swink

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English[edit]

Pronunciation[edit]

Etymology 1[edit]

From Middle English swink, from Old English swinc (toil, work, effort; hardship; the produce of labour).

Noun[edit]

swink (plural swinks)

  1. (archaic) toil, work, drudgery
    • 1963, Anthony Burgess, Inside Mr. Enderby:
      Dead on this homecoming cue Jack came home, his hands sheerfree of salesman’s swink, ready for Enderby.

Etymology 2[edit]

From Middle English swinken, from Old English swincan (to labour, work at, strive, struggle; be in trouble; languish), from Proto-Germanic *swinkaną (to swing, bend), from Proto-Indo-European *sweng-, *swenk- (to bend, swing, swivel). Cognate with Old Norse svinka (to work). Related to swing.

Verb[edit]

swink (third-person singular simple present swinks, present participle swinking, simple past swank or swonk or swinkt or swinked, past participle swunk or swunken or swonken or swinkt or swinked)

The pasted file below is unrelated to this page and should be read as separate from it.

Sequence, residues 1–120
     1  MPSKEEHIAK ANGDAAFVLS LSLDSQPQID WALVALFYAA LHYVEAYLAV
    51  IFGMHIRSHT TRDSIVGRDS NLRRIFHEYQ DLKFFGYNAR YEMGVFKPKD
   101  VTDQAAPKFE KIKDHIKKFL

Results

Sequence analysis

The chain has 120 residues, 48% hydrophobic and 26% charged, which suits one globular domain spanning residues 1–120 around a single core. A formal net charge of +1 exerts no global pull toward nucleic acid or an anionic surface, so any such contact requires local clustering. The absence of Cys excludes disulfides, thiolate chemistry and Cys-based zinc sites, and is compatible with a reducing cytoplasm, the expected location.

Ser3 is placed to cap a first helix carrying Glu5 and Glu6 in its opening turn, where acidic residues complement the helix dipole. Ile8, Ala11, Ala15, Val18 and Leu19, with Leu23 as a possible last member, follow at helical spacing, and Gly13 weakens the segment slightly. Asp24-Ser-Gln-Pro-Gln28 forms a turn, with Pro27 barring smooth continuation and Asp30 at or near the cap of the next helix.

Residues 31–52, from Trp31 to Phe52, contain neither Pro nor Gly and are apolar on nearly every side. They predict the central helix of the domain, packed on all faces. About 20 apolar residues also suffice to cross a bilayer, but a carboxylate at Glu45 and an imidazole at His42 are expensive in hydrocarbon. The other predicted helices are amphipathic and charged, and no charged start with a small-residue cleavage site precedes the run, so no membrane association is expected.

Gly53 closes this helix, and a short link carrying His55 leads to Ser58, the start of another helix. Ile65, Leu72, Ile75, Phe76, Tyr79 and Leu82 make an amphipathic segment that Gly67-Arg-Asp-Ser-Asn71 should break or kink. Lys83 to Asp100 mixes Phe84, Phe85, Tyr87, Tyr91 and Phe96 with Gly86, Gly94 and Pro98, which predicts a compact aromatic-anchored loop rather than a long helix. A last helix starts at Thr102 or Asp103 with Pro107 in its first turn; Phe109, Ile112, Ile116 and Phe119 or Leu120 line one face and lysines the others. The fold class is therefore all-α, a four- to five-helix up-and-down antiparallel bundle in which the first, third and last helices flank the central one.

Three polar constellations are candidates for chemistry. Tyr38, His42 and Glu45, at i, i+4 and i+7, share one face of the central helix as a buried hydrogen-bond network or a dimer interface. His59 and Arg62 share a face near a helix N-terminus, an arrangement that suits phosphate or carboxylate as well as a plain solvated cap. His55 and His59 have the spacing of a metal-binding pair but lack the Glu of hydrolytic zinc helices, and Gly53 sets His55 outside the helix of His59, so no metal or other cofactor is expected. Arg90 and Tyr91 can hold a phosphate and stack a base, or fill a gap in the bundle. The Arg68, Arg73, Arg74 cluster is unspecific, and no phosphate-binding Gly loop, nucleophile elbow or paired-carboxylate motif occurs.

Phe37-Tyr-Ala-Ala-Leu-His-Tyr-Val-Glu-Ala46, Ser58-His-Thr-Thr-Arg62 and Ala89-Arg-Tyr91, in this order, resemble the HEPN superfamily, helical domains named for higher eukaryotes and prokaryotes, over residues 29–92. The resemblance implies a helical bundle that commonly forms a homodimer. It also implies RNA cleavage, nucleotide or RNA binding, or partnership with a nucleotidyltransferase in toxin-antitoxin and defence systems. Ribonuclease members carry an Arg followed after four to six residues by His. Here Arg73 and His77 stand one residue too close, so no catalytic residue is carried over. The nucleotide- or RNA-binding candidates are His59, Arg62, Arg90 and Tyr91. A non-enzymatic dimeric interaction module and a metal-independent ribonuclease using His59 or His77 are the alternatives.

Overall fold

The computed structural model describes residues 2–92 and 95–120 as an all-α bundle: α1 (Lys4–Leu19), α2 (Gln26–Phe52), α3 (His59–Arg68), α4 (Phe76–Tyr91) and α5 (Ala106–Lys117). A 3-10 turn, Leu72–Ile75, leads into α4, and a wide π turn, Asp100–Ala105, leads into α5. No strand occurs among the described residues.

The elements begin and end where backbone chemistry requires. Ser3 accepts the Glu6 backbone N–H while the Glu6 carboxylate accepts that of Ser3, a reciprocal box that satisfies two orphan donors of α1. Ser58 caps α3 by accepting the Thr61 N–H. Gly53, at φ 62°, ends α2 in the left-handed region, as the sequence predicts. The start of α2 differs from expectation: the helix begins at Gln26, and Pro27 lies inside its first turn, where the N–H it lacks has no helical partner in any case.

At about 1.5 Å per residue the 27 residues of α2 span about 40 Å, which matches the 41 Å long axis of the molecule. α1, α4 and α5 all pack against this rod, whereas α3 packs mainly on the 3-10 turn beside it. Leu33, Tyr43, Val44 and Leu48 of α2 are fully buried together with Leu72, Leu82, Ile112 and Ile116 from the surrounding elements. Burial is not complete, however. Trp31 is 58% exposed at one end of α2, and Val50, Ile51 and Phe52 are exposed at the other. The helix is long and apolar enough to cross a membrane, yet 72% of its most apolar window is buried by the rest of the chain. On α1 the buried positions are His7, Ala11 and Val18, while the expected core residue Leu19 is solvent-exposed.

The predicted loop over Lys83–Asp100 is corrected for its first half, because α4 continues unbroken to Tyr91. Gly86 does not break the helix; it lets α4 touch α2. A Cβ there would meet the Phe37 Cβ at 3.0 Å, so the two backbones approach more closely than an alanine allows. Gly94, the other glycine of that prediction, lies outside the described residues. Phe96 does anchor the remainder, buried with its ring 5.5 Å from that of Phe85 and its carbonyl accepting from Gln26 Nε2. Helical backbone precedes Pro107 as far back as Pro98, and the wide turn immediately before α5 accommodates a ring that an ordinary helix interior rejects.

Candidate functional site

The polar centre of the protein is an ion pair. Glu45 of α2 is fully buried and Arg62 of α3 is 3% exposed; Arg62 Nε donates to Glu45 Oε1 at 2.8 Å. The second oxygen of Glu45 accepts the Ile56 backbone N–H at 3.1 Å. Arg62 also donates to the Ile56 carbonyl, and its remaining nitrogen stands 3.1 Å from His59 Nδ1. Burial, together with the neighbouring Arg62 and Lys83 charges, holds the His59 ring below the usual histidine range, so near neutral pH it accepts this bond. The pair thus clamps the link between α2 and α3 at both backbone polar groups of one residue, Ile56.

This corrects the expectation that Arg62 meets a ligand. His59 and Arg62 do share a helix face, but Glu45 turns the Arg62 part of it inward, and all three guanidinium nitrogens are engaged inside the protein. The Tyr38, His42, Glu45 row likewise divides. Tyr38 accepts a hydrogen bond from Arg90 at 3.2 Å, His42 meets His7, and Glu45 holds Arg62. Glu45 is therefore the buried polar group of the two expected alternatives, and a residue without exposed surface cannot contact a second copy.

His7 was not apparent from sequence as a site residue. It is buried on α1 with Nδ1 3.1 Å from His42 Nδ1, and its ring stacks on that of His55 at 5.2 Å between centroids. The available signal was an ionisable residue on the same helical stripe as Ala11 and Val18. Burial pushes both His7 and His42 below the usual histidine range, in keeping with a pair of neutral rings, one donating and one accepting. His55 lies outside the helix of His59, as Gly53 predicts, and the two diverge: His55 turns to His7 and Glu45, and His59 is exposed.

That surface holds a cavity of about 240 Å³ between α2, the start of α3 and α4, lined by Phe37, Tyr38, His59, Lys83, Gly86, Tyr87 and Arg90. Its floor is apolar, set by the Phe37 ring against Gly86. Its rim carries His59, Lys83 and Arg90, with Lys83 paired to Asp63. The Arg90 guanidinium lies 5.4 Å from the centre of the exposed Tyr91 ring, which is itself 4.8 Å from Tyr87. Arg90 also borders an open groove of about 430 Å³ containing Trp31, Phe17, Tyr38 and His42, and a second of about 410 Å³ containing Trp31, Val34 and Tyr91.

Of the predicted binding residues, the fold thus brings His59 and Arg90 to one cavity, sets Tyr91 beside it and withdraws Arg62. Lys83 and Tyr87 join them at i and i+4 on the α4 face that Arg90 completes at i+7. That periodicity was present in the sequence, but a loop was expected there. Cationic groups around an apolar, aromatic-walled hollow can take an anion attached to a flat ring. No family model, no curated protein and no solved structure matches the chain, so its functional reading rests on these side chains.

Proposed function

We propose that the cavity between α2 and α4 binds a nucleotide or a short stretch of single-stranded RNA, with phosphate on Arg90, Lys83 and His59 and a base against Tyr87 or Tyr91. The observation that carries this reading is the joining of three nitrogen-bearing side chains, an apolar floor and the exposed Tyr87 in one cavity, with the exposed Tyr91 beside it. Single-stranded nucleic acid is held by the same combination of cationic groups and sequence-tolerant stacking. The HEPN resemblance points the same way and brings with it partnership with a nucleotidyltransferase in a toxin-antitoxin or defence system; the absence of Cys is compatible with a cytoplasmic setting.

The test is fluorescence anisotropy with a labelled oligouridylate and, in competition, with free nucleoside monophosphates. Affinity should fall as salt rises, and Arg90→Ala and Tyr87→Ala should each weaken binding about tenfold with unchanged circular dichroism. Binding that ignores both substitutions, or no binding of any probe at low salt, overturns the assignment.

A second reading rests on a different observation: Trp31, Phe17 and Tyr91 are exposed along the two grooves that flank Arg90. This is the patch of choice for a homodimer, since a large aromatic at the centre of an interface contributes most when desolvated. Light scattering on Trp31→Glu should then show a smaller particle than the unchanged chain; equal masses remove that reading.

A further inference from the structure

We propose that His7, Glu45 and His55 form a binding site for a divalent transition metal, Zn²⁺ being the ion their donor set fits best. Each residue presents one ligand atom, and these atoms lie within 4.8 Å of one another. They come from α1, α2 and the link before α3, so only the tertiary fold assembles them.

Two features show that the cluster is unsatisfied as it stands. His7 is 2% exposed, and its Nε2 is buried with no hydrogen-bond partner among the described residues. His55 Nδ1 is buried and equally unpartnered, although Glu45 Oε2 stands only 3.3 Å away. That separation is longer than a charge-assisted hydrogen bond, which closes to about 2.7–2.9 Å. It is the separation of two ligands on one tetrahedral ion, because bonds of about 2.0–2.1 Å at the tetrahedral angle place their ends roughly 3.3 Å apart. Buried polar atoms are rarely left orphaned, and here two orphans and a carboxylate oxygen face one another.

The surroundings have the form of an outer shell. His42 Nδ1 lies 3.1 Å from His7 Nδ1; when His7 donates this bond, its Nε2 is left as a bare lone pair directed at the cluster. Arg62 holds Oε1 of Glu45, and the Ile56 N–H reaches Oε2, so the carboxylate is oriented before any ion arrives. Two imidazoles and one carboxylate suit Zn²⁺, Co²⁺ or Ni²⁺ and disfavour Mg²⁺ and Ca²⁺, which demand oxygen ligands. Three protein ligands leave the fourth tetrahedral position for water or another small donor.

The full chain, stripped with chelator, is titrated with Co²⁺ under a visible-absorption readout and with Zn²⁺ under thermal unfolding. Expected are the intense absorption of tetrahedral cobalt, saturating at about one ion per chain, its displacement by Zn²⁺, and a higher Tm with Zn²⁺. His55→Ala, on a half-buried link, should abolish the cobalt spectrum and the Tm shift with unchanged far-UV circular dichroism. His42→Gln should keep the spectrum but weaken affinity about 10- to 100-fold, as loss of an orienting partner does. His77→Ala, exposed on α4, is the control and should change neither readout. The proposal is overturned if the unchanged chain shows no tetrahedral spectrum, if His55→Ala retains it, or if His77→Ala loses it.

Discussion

1. (archaic, intransitive) to labour, to work hard
    • 14th century, William Langland, Piers Plowman
      Heremites on an heep · with hoked staues,
      Wenten to Walsyngham · and here wenches after;
      Grete lobyes and longe · that loth were to swynke,
      Clotheden hem in copis · to be knowen fram othere;
      And shopen hem heremites · here ese to haue.
    • Spenser
      for which men swink and sweat incessantly
    • 1922, James Joyce, Ulysses:
      And on this board were frightful swords and knives that are made in a great cavern by swinking demons out of white flames that they fix in the horns of buffalos and stags that there abound marvellously.
  2. (archaic, transitive) To cause to toil or drudge; to tire or exhaust with labor.
    • Milton
      And the swinked hedger at his supper sat.
Derived terms[edit]

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Anagrams[edit]